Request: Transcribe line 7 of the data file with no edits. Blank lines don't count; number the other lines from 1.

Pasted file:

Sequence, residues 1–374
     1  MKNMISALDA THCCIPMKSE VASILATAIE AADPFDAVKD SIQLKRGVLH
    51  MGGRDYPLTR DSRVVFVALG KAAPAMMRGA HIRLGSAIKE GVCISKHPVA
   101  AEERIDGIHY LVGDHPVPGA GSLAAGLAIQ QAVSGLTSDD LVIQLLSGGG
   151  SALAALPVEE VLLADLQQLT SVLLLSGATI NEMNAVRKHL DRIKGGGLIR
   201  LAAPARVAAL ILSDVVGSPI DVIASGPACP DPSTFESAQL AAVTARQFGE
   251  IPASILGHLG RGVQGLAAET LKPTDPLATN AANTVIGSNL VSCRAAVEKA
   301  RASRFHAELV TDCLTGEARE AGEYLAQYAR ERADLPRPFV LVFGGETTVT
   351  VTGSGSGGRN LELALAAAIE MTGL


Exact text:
   251  IPASILGHLG RGVQGLAAET LKPTDPLATN AANTVIGSNL VSCRAAVEKA